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Lindsay Reiten

Guiding questions and a task-analysis framework support teachers in using virtual manipulatives to enhance student understanding.

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Teri N. Johnson and Stephen I. Tucker

During the past thirty years, various forms of technology have facilitated teaching and learning. Recently, touchscreen tablets are among the devices growing in popularity. Many mathematics apps are available; however, they vary in their usefulness for different users. Monitoring students' interactions with selected apps is important for teachers to do to ensure that earners are benefiting from technology integration. The Modification of Attributes, Affordances, Abilities, and Distance (MAAAD) for Learning Framework (see fig. 1) emerged from evaluations of students' interactions with educational technology (Tucker 2016). Teachers can use this framework to select apps for use in the classroom, formatively assess student understanding, and evaluate the appropriateness of tasks presented by apps.

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Adam Clinch

Justifications, methods, and results compare two classes of students who used a new technique that ties together procedural fluency and conceptual understanding in a manner unlike other current strategies.

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Redeem Reasoning

readers speak out

Kuo-Liang Chang

This opinion piece discusses how simplicity, ease, and efficiency—in the guise of shortcuts, tips, and packed procedures—kill mathematical reasoning.

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Frieda Parker and Vida Treviño

This activity engages students in a lesson about algebraic relationships concerning groupings of hamburgers and French fries, coupled with full-page activity sheets.

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Joanna B. Stegall and Jacquelynn A. Malloy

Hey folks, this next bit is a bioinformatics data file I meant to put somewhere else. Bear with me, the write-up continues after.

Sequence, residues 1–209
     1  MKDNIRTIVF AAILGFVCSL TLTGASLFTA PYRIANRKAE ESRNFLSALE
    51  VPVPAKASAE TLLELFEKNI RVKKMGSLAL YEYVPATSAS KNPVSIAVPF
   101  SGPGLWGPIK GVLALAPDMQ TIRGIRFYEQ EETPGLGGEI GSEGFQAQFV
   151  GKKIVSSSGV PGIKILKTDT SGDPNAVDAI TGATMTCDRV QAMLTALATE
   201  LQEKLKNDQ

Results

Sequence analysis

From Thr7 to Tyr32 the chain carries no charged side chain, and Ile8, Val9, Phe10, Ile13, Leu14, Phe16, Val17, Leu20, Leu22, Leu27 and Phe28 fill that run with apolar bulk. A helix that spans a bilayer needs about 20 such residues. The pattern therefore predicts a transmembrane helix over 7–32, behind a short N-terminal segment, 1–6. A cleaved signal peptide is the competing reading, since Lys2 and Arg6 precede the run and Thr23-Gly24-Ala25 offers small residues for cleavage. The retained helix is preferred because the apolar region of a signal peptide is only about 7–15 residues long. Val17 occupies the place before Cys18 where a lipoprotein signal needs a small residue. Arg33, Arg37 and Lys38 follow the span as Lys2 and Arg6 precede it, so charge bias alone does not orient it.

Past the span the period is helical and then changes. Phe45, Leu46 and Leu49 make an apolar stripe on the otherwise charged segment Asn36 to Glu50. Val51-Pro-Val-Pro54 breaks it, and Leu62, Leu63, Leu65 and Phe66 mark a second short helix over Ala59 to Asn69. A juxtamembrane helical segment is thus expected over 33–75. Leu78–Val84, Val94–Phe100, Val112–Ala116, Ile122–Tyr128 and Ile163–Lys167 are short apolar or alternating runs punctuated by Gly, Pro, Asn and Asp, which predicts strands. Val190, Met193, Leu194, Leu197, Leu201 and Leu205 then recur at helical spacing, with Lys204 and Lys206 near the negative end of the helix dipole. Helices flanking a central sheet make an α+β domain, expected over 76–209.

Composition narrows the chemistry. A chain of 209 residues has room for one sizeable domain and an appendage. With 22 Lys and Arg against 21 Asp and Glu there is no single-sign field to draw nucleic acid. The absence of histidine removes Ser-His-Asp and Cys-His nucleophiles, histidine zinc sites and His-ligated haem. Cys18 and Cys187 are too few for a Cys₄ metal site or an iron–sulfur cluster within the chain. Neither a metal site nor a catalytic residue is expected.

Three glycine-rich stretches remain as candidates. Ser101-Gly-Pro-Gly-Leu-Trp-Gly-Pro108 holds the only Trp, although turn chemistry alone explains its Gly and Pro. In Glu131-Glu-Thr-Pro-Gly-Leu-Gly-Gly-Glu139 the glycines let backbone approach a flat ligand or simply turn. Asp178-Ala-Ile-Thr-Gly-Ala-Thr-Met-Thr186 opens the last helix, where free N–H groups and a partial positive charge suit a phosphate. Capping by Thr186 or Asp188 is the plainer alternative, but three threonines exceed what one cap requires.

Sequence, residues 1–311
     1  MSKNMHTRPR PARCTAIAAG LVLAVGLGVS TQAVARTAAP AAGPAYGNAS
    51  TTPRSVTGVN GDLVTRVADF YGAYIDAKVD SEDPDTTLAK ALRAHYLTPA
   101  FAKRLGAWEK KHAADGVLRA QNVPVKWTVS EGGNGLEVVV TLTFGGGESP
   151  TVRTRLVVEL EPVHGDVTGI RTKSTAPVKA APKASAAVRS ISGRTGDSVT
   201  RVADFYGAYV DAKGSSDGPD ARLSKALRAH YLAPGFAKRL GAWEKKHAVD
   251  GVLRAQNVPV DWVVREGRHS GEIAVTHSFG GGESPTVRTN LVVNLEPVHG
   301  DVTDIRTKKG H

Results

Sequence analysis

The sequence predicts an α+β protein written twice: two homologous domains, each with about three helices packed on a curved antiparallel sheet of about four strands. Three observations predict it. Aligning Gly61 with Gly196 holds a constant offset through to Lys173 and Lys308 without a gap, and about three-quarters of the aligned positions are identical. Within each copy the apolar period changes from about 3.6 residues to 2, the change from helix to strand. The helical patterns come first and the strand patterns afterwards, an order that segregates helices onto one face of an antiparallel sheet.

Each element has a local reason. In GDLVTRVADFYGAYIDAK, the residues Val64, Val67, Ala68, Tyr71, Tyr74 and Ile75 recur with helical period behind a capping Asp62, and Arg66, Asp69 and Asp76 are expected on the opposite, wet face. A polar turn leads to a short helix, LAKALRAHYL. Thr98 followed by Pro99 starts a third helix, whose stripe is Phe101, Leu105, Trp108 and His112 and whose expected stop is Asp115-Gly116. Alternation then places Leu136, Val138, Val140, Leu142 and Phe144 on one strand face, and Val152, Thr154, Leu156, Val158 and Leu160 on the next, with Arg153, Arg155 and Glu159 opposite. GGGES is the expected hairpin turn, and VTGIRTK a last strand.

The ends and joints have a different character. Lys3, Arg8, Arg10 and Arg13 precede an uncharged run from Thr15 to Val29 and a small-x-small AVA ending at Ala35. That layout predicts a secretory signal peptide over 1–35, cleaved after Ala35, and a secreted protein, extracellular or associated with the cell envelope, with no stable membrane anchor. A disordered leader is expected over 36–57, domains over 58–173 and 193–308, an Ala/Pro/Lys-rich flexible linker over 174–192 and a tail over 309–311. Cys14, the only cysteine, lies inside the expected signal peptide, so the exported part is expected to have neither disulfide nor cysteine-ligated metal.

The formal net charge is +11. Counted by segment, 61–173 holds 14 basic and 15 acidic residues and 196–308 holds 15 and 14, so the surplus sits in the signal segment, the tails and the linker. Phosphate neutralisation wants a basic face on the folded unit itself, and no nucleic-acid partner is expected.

An algebra 1 teacher collaborated with two university researchers to develop vocabulary minilessons and peer discussions to support students in understanding and using algebraic language.

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Cherie Lynn Ichinose and Armando M. Martinez-Cruz

A Diophantine equation engages mathematics students as they problem solve.

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Jerilynn Lepak and Taren Going

In an eighth-grade classroom, the authors used the Connected Math Project curriculum and three essential components of an argument implied by Driscoll (1999) to adapt mathematical tasks to elicit written arguments that go beyond recounting steps.

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Susan F. Zielinski and Michael Glazner

Help students stop making typical, persistent errors related to misconceptions about exponents, distribution, fraction simplification, and more.

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Orly Buchbinder, Daniel I. Chazan, and Michelle Capozzoli

Many research studies have sought to explain why NCTM's vision for mathematics classrooms has not had greater impact on everyday instruction, with teacher beliefs often identified as an explanatory variable. Using instructional exchanges as a theoretical construct, this study explores the influence of teachers' institutional positions on the solving of equations in algebra classrooms. The experimental design uses surveys with embedded rich-media representations of classroom interaction to surface how teachers appraise correct solutions to linear equations where some solutions follow suggested textbook procedures for solving linear equations and others do not. This paper illustrates the feasibility of studying teaching with rich-media surveys and suggests new ways to support changes in everyday mathematics teaching.